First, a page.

January 27, 2019 at 08:30AM by CWC
When I was 24, in a classic 24-year-old move, I started hooking up with the Tinder Emperor of my borough. His cyber seduction skills checked every box in your list of dating app clichés: We’re talking shirtless selfies, topless pic requests—things I would scoff at (and then hike to Bushwick to meet up anyway like a damn fool). But what I couldn’t get over is that I was number 84 on his list of conquests. (He had a literal list of every woman he’d been with; he showed me once.) Eighty-four. When his number would flash on my phone, I’d wonder, “Did he scroll through all those names and think, Hmm, I’m in the mood for #84 tonight? Like I’m a McDonald’s order?”
Shocker: This tryst ended with a disastrous heartbreak. But I’ve been able to keep that bit of the past behind me. Until, that is, a new dating trend like “cookie jarring”—when a dater keeps one hand in the proverbial cookie jar, making sure to always have someone on reserve in case their main squeeze doesn’t work out—crops up in my feed, and it all comes rushing back.
Suddenly, I remember…Online dating is just Seamless for People.
Let me put forth a scenario for you: It’s Tuesday night, you’re home from an arduous day of work, and the couch is calling. You figure you should do that whole dinner thing, and maybe even did some healthy meal prep over the weekend. But oh, Chinese food sounds so much better, so much easier, like so much less work, and you settle on ordering something quick. When we use an app to find love, this is approximately the amount of effort many people put into finding a partner.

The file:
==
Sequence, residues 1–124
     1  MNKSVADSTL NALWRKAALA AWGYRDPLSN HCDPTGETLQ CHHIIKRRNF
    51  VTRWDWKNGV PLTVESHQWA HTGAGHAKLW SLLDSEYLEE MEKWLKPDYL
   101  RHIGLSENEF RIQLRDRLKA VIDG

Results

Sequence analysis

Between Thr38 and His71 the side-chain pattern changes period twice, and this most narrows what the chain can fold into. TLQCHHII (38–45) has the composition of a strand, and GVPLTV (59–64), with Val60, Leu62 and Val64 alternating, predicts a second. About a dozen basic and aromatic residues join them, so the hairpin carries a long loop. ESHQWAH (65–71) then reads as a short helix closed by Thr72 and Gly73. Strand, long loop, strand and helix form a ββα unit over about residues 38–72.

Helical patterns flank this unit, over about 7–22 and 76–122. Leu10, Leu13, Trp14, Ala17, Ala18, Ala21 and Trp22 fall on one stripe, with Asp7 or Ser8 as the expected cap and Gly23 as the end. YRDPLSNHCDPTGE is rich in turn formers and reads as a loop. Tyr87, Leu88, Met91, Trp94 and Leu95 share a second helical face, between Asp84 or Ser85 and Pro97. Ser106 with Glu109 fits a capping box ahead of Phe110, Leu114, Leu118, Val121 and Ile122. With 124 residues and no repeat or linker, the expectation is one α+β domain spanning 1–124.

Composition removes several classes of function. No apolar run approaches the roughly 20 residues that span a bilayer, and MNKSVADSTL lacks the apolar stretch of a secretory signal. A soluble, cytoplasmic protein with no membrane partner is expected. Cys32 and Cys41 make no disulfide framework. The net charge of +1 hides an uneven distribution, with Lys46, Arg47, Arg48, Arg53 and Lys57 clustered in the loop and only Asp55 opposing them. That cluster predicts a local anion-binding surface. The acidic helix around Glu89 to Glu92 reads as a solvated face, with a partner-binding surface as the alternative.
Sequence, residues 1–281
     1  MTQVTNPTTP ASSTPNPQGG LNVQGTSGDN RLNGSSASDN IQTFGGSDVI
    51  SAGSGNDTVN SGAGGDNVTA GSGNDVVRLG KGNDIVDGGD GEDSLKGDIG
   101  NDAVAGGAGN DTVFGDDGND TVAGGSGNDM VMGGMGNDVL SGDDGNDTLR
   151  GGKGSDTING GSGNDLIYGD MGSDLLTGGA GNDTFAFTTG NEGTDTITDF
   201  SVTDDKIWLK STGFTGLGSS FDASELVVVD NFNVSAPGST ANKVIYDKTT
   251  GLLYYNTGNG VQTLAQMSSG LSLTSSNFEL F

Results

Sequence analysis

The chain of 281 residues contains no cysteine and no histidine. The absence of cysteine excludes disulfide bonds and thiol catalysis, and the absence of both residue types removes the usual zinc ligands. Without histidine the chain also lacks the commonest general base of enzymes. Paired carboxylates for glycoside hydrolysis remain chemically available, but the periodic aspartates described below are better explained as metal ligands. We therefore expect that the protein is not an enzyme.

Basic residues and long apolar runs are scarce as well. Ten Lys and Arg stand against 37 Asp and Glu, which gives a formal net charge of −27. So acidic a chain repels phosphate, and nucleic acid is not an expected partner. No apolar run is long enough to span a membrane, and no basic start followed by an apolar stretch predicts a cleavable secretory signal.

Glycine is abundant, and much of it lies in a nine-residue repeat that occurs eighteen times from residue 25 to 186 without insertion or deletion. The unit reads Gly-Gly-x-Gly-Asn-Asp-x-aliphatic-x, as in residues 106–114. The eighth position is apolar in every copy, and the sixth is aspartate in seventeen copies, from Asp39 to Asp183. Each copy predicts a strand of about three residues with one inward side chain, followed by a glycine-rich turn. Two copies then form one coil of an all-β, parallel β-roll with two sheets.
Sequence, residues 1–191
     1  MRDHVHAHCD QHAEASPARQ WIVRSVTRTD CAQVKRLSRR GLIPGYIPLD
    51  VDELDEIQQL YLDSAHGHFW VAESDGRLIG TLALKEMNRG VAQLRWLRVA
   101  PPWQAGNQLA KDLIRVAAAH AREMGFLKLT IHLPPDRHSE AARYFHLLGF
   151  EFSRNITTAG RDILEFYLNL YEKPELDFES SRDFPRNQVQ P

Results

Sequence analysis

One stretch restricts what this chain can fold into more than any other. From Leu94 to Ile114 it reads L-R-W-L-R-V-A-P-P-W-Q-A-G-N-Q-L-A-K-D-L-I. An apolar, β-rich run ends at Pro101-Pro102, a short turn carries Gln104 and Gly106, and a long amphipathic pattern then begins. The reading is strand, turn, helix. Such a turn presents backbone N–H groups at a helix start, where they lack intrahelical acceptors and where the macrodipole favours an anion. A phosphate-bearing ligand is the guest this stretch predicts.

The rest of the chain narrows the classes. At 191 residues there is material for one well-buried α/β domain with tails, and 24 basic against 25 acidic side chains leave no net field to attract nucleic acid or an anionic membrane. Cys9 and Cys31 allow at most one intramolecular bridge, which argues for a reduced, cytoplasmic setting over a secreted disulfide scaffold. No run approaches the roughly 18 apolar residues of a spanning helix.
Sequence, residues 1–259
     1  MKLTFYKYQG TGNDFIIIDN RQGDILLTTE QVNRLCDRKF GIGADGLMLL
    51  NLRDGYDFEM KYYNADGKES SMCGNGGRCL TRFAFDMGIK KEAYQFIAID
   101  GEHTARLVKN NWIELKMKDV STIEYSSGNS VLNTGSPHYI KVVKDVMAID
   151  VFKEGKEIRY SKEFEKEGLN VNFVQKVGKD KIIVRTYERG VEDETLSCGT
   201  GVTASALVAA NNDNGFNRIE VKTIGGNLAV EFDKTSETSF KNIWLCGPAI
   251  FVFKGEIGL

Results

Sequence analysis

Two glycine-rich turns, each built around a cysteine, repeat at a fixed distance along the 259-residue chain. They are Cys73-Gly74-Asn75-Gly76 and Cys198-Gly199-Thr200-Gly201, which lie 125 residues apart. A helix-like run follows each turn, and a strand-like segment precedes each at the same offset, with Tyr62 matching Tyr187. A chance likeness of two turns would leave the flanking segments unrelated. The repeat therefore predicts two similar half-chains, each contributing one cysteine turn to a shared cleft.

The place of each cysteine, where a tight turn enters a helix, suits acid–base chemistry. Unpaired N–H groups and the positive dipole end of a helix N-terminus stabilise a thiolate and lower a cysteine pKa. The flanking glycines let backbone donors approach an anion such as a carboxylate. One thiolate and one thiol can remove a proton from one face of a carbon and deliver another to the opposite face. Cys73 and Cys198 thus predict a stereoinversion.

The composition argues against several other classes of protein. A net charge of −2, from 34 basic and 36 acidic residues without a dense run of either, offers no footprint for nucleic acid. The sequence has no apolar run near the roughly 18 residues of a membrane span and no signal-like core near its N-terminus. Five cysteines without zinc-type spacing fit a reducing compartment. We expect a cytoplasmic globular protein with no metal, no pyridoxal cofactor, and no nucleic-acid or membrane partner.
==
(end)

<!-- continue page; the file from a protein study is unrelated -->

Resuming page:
According to Camille Virginia, founder of the relationship coaching service Master Offline Dating, when we start to “order” dates the same way we do dinner, we come to undervalue the people involved. “There’s a direct correlation between the investment of effort to meet someone and how much value gets placed on that person,” she says. “When you put the same amount of effort into swiping on a dating app as you would into ordering Chinese takeout for lunch, you’re going to subconsciously value the person in that moment about the same as you do the food. I’d actually argue most people would value their Chinese food even more than the people they’re swiping on.”
I’ve witnessed friends ditch their dates for Broad City and General Tso’s chicken, so this sounds real.
You can even get super specific about which burger you’re in the mood for, and find one that’s within five miles of your current location, is light on the cheese, over six feet tall, and really loves hiking.
Like a scroll through Grubhub, the dating app experience brings us face to face with options, options, options. Not feeling General Tso’s chicken? You can get pad thai, tacos, sushi, or burgers. You can even get super specific about which burger you’re in the mood for, and find one that’s within five miles of your current location, is light on the cheese, over six feet tall, and really loves hiking.
It’s this overload of options that has us filter human beings by their most superficial qualities—a name, a number, a picture—and some line about how they recently vacationed in Iceland. And that could lead to a dangerous shift that has us valuing quantity over quality.